CERN faces

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CERN faces

CERN faces ?250m budget cuts

    Aug 26, 2010 10 comments


    The CERN particle-physics lab near Geneva is to cut around CHF330m (?250m) from its

    budget for 20112015. The cut, which was announced by CERN boss Rolf-Dieter Heuer

    yesterday, will require the lab to scale back research into future particle accelerators. However, Heuer insists that the reduction will not affect the operation of the Large Hadron Collider (LHC) or force CERN to lose any of the 2000 or so staff it currently employs. CERN's council is expected to meet on 16 September to approve the new plan.

    The ?250m cut is most likely to hit future upgrades and accelerators, which will now "proceed at a slower pace". Also cut in the new budget dubbed the medium-term plan is the

    operation of CERN's accelerators during the planned year-long shutdown of the LHC in 2012 when it will then prepare the LHC to go straight to maximum-energy 14 TeV collisions. A few accelerators were planned to be used during the shutdown period to study new detector techniques, but under the new plan all of CERN's accelerators will now not operate in 2012. "All our member states are making significant budget cuts at the national level, and it is difficult to argue why intergovernmental organizations such as CERN should be exempt," says Heuer in a memo to staff. "I firmly believe that basic science budgets must be protected even in, and perhaps particularly in, times of economic downturn. But as a publicly funded body, we have to be realistic."

    Future plans

    Worst hit could be work on the Compact Linear Collider (CLIC) CERN's own blueprint for a

    future electronpositron collider that could be built once the LHC reaches the end of its life. Although research on CLIC and a "higher-energy proton machine" will continue, CERN's

contribution to CLIC will be held at around ?16m and not be increased as was previously

    proposed. "In the present financial and political climate, I think it was inevitable that CLIC would be among the programmes to suffer," particle theorist John Ellis told

    Ellis told that resources already made available by CERN will, however, allow an upgrade to the CLIC test facility to go ahead. But the budget cut means that an engineering demonstration facility called CLIC0, which would have to be built before CLIC could be approved, will not now go ahead unless external funds are sought. CLIC0 is supposed to demonstrate beam acceleration to around 6.5 GeV.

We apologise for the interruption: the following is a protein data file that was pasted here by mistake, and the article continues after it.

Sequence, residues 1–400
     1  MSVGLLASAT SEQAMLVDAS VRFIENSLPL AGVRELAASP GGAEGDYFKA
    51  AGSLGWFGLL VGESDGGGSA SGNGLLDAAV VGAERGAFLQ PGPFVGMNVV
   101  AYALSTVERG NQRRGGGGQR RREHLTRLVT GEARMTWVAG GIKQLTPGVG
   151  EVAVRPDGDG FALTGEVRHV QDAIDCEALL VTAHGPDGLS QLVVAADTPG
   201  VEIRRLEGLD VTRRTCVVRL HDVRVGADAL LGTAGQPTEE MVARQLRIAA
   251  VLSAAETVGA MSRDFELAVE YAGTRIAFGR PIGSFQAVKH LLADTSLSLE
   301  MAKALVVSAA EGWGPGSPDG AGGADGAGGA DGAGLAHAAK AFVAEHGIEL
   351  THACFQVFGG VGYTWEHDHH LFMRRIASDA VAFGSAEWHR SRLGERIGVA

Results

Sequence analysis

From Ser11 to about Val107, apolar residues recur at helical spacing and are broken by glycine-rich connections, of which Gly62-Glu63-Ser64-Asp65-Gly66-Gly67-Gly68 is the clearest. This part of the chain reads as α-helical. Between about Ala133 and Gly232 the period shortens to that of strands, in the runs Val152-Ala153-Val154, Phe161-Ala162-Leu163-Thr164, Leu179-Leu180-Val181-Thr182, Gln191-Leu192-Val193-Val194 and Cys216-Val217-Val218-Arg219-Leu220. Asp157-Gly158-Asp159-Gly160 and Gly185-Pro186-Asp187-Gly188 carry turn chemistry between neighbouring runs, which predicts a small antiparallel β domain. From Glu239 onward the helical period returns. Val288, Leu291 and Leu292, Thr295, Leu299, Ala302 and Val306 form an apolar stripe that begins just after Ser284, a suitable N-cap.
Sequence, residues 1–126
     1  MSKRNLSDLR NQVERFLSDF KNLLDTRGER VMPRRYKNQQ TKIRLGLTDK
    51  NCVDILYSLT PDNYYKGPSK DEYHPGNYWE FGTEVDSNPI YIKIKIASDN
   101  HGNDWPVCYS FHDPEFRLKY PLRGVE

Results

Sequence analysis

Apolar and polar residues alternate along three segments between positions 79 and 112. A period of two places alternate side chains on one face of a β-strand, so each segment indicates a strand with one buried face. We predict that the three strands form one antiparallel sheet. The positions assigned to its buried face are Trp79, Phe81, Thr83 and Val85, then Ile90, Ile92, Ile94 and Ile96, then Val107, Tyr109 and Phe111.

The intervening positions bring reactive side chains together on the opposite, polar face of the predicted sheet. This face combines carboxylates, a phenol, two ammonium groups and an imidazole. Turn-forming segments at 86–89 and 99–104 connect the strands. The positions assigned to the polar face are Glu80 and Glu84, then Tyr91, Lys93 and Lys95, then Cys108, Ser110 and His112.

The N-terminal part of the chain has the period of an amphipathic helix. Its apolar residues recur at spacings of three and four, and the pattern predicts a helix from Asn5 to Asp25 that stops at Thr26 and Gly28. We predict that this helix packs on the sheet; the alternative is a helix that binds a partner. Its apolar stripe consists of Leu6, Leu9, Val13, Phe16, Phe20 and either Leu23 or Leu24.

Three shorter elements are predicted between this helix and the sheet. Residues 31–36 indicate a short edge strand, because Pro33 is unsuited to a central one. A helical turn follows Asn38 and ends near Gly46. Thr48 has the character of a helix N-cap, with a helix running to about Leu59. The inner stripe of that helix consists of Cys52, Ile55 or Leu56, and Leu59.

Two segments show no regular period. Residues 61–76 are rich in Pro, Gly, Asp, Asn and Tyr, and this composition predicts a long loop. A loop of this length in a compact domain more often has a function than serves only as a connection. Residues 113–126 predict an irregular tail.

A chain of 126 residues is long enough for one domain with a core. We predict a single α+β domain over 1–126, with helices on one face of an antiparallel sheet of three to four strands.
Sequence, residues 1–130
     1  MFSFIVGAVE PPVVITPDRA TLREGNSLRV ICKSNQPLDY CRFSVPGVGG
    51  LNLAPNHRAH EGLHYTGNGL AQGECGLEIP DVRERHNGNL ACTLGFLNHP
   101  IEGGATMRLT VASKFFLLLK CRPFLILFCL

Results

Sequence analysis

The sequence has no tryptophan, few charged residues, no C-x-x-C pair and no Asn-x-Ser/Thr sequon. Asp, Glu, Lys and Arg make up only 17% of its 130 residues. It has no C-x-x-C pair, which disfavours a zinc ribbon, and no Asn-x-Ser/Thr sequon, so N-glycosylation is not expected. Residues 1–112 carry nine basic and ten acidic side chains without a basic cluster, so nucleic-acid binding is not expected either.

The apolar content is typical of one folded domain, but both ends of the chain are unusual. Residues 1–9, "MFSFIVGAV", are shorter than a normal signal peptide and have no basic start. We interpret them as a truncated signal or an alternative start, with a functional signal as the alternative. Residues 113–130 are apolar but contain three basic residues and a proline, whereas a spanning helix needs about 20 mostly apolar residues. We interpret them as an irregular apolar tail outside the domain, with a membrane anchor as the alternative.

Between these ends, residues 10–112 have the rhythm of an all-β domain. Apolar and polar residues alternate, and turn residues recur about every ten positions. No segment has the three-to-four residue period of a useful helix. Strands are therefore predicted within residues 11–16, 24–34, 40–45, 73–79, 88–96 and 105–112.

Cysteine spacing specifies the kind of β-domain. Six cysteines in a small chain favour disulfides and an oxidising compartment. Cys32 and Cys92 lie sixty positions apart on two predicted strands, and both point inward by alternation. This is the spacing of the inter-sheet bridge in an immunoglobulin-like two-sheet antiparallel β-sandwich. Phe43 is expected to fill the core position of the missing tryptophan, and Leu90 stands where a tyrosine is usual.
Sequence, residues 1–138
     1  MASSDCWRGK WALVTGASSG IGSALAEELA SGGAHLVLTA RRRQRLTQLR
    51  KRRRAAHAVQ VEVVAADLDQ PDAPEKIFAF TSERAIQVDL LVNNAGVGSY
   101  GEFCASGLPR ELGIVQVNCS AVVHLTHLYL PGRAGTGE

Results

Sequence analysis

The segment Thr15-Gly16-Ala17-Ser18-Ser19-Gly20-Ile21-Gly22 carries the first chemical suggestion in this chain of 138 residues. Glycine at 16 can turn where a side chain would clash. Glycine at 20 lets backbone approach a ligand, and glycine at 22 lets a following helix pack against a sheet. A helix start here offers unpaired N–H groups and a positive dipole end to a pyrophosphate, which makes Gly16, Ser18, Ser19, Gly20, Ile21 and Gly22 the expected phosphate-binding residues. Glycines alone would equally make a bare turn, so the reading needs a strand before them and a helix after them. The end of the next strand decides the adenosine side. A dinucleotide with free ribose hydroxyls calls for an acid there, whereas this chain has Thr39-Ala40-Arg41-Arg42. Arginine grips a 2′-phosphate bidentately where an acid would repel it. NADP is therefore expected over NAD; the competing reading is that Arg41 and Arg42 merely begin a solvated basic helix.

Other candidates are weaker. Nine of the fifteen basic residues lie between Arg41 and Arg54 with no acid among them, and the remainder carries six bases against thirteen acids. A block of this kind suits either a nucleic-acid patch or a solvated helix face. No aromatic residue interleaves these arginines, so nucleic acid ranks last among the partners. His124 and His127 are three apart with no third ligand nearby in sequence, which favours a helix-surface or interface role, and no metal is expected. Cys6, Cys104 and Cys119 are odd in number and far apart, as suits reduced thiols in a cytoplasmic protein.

Ellis notes that the recent decision to open membership to CERN to countries outside Europe could mean that the extra funds are instead provided by these nations.

    Belt tightening

    "The cuts at CERN are very depressing news," says Tim Gershon, a particle physicist from Warwick University in the UK who works on the LHCb experiment at CERN. "Although CERN's management has succeeded to find a way to make the savings without any permanent scientific loss, the productivity of the laboratory will be significantly slowed." Others, however, are taking the news as an expected consequence of countries around Europe tightening their belts. "In the current financial climate these cuts are not unexpected and while they will slow down some of the longer-term projects they will not put in jeopardy any of CERN's scientific objectives," says Mark Lancaster, a particle physicist from University College London who works on the Compact Muon Solenoid detector at the LHC. About the author

    Michael Banks is news editor of Physics World


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    ; 1

    Ivan Gorelik Aug 27, 2010 4:11 PM

    CERN must be dismissed.

    Suicide machines (LHC and other powerful colliders) must be closed. CERN must be

    dismissed. Nuclear physicists must work at MeV energies. TeV energy collisions can

    lead to formation of a droplet of dangerous fermionic or bosonic condensate

    (strangelet or magnetic hole, correspondingly). That will lead to collaptical explosion of

    our Earth and Sun. Astronomers can see about 15 such explosions in our Galaxy

    every year.

    Do you want to die? There is very great probability that we all are already doomed, if

    the dangerous droplet is already created and grow somewhere inside the Earth. We’ll

    be able to know about growing droplet existence, when its mass will be about of 1 kg or

    couple of orders more. At such mass its neutrino output will be comparable to the

    output of one nuclear power station. On the next day ten times more; the next day

    hundred times more…

    So, fasten your safety belts, - be ready to start into cosmos; be ready to suicidal

    reproduction of our biosphere.

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    Oliver K. Manuel Aug 27, 2010 7:17 PM United States

    No, Black Holes Are Only An Illusion


    Originally posted by Ivan Gorelik

    Suicide machines (LHC and other powerful colliders) must be closed. CERN must be

    dismissed. Nuclear physicists must work at MeV energies.

    Ivan, we now know that black holes do not exist. They are only an illusion. Neutron

    repulsion prevents their formation.


    With kind regards,

    Oliver K. Manuel

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    Ivan Gorelik Aug 28, 2010 9:42 AM


Originally posted by Oliver K. Manuel


    Originally posted by Ivan Gorelik